Общество физиологов растений России
12 Июнь, 2017

Новости науки и практики // Июнь 2017

Новости науки и практики // Июнь 2017

Sowing new seeds of knowledge about the drivers of plant diversity
A new study of Australian wildflower communities is improving understanding of how climatic stress controls plant diversity, based on the strategies different species use to survive, grow and reproduce.
https://www.eurekalert.org/pub_releases/2017-05/uoq-sns051717.php

HKU and Kyoto U reveal a new strategy to enhance the efficiency of cereal straw for biofuel production
Straw is commonly used for feeding animals, burning, baling, etc. As one of the "Three Canton Treasures", straw can actually be used as a raw material to produce biofuel.
https://www.eurekalert.org/pub_releases/2017-05/tuoh-hak050917.php

Sand temperature and moisture break seed physical dormancy
In a new study determined whether Eremosparton songoricum (a perennial semi-shrub that inhabits the cold desert and produces seeds that show physical dormancy) exhibits seasonal periodicity of seed germination. They also investigated the relationship between seed dormancy break and soil temperature and moisture.
https://aobblog.com/2017/05/sand-temperature-moisture-break-seed-physical-dormancy/

Suberised barriers support composite water and solute transport in barley roots
It is shown that the basal zone with greater suberin is shown to have lower water permeability than the apical zone inHordeum vulgare. A comparison of root and cell water permeabilities suggests a primary cell-to-cell water and nutrient transport system in barley roots in addition to flow via apoplastic pathways.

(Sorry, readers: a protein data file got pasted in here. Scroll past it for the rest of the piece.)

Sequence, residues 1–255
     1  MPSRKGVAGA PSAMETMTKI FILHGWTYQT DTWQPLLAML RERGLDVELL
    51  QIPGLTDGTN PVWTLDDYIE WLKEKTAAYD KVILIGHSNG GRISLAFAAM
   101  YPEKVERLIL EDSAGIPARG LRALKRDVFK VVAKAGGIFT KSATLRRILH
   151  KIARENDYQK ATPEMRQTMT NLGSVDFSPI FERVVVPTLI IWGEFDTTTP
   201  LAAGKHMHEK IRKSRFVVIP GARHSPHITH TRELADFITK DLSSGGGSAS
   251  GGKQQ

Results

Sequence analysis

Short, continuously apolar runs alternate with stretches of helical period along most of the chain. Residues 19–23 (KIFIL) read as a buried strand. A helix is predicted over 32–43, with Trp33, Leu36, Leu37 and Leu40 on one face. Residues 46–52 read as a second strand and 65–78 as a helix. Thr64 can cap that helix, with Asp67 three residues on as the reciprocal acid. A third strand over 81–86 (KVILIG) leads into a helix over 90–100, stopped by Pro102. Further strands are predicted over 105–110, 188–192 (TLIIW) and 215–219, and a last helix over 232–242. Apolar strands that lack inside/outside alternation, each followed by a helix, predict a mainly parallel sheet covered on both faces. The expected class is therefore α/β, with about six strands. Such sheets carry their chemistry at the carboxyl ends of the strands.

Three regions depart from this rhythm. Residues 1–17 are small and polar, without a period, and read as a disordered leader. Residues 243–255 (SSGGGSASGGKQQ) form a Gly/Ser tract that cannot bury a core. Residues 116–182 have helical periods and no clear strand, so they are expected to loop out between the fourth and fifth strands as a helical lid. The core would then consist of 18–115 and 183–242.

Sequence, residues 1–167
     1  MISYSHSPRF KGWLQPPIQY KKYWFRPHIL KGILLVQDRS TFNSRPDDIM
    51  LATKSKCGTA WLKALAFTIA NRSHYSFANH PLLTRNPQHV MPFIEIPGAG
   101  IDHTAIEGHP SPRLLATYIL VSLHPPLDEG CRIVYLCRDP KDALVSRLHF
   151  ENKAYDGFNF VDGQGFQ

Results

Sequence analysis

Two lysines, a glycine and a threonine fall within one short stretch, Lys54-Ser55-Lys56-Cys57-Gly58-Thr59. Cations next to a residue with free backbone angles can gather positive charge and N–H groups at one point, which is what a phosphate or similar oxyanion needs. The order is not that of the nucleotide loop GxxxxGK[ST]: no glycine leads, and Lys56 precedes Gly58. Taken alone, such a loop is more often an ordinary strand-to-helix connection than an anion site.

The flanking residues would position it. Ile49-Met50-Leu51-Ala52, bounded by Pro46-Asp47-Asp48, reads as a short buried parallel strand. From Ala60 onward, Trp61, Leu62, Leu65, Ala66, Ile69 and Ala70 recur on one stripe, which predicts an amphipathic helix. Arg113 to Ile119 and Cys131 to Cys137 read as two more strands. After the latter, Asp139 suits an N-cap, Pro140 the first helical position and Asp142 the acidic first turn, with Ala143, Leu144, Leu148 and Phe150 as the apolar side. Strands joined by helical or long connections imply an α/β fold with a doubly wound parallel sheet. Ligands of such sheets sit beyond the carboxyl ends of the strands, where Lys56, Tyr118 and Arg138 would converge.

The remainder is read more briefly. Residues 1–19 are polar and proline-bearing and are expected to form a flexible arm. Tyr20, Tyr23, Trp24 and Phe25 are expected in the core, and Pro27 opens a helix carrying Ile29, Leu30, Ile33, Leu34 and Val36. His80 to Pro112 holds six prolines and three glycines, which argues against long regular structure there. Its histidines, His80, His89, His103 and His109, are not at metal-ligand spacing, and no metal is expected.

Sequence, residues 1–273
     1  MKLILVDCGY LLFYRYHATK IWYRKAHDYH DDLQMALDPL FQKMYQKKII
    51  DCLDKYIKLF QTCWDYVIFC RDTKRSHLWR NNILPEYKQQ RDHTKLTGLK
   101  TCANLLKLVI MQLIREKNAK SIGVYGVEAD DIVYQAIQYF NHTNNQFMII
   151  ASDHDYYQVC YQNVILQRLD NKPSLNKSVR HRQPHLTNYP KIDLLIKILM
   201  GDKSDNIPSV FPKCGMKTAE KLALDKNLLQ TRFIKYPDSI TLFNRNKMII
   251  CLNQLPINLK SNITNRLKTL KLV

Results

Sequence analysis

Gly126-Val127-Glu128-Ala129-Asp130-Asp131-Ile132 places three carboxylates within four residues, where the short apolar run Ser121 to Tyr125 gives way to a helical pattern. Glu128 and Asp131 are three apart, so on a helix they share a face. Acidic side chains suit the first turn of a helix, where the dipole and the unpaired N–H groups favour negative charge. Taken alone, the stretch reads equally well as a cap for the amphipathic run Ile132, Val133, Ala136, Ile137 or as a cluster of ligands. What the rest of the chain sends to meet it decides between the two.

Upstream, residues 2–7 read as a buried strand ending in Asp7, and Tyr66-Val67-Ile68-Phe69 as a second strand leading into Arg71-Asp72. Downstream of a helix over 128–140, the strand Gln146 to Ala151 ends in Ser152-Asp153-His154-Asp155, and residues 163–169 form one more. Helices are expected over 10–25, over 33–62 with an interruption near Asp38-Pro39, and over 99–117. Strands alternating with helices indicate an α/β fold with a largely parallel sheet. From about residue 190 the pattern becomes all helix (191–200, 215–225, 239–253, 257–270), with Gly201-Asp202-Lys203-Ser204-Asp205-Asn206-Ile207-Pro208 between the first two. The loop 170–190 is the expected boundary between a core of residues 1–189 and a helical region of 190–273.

https://aobblog.com/2017/05/suberised-barriers-support-composite-water-solute-transport-barley-roots/

DNA ladders: Inexpensive molecular rulers for DNA research
New license-free tools will allow researchers to estimate the size of DNA fragments for a fraction of the cost of currently available methods. The tools, called a DNA ladders, can gauge DNA fragments ranging from about 50 to 5,000 base pairs in length.
https://www.sciencedaily.com/releases/2017/05/170526084536.htm

How plants use sunlight to tell time via cell protein signaling
Researchers have solved a key mystery of how plants tell time. Researchers learned a chemical bond in the protein Zeitlupe forms and breaks in reaction to sunlight at varying rates, signaling plants when to bloom, metabolize and store energy, and other functions. The discovery means plant clocks can be tuned by targeted mutations to plant proteins that may improve resistance to pathogens and crop yields.
https://www.sciencedaily.com/releases/2017/05/170516104718.htm

Deep learning helps scientists keep track of cell's inner parts
High throughput screens of image-based data allow a direct view of proteins' whereabouts in the cell but the lack of fast and accurate analysis tools has been a bottleneck. Scientists reveal DeepLoc, a deep learning algorithm that is faster and more accurate than the human eye and brings analysis time down from months to hours.
https://www.sciencedaily.com/releases/2017/05/170502112533.htm

Helping plants pump iron
A study led by a researcher at the Salk Institute has found that variants of a single gene can largely determine a plant's ability to thrive in environments where iron is scarce.
https://www.eurekalert.org/pub_releases/2017-05/si-hpp052417.php